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Monday Morning Quarterback: Pop Tart

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Is this the week the rally will sour?

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"Back, caught you looking for the same thing, it's a new thing check out this I bring." --Public Enemy

One of the mainstay Minyanville mantras is that price is the ultimate arbiter of variant financial views. As we edge into the midst of May, that push may soon come to shove.

When we positioned for a sharp rally at the end of February, we offered there would be ample after-the-fact affirmation for the upside. The market is a forward-looking discounting mechanism, we know, and the action is always obvious with the benefit of hindsight.

While recently discussing the "widow's peak" of 2009, we posited that the tape had room to S&P 950, where it will run into a confluence of resistance. As we reach towards that level, conventional wisdom embraced the notion that the worst is now behind us.

There is most certainly an upside case to be made, one that looks a bit like this:

  • Due to the very real risk of a systemic collapse at the beginning of the year, the market overshot to the downside.

  • The first leg of this rally simply corrected that imbalance as we edge back into a normalized environment.

  • The S&P is still off 40% since October 2007.

  • They'll have to pry the monetary musket from the policymakers' cold, dead fingers.

  • If the dollar breaks DXY 83, is would be an incremental element of "jumping the shark" in Our Wishbone World.


I sincerely share your hope that brighter days await but have learned the hard way that hope isn't a viable investment strategy. No matter how hard I try to peer through rose-colored glasses for anything more than a trade, I can't reconcile the unavoidable fact that debt destruction is the only feasible remedy for what ails us and we're currently swimming in the wrong direction.

The profitable position is rarely the popular one. Time and time again, whether it was a bearish stance into all-time highs or Crude $135 or the Armageddon purchases in March, the pushback was palpable. Old school Minyans will tell you I'm often early and they would be dead on balls accurate so please keep that in mind.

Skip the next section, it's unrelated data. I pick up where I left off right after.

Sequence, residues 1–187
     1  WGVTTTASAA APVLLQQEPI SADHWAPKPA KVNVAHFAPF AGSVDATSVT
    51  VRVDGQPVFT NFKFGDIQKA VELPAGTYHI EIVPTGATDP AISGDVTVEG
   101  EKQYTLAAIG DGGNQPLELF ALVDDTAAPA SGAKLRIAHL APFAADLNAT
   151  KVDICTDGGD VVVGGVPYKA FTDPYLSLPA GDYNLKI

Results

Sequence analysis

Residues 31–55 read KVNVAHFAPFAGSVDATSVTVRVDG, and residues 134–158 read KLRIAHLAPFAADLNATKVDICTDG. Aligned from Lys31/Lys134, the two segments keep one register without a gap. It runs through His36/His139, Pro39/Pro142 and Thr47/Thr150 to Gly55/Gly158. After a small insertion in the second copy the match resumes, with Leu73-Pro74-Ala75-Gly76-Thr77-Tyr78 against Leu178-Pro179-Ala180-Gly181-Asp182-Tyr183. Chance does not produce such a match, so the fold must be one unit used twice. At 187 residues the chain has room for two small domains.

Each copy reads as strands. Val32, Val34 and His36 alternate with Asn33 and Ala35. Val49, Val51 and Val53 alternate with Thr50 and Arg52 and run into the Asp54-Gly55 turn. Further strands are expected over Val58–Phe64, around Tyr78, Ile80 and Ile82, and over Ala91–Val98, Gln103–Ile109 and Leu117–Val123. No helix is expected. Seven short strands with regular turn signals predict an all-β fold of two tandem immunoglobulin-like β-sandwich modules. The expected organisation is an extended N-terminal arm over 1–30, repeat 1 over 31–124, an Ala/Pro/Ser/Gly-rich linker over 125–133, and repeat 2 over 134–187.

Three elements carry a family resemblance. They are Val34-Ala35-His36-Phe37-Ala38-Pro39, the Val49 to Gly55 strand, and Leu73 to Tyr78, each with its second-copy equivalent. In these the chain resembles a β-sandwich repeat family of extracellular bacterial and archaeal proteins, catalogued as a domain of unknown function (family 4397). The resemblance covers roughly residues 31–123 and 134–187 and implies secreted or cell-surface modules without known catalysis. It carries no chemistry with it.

Some Random Thoughts:

  • As discussed Friday, I've revisited some downside exposure with an eye towards our upcoming level and a loose grips on my handlebars.

  • I'll note it again because it's important: the dollar index is dancing near major support at DXY 83 and should it break, it could open the door to further asset class reflation. A lower dollar is no guarantor of higher asset classes but it's a necessary precursor to them.

  • The question then becomes how much patience (already frustrated) holders of dollar denominated assets have left and how this dynamic might manifest, including potential scenarios such as a seismic currency readjustment or geopolitical strife.

  • "Discipline over conviction," "financial staying power" and "risk management over reward chasing" are important constructs regardless of one's directional bias.

  • For what it's worth and so it's said, our peeps on the Street informed us on Friday that they saw "real money buyers" in the financials. Conversely, it felt like tech had one foot on a banana peel the entire session.

  • Bank America (BAC) has emerged as a fairly reliable tape tell, as have the master beta complex, including Apple (AAPL), Amazon (AMZN), Research in Motion (RIMM) and Google (GOOG). Goldman (GS) gets a nod as well, if for no other reason than so many traders are keying off it.

  • Minyan Dougie Kass-a driving force behind the MV All-Star Guitar-tosses his hat in the ring by offering that banks stocks are "priced to perfection".

  • I informed Boo that his downside plans may have to wait until Turnaround Tuesday which, while nonsensical, tends to serve as a counter-trend session each week.

  • Is Stevie Winwood the most underrated rocker of all-time?


R.P.

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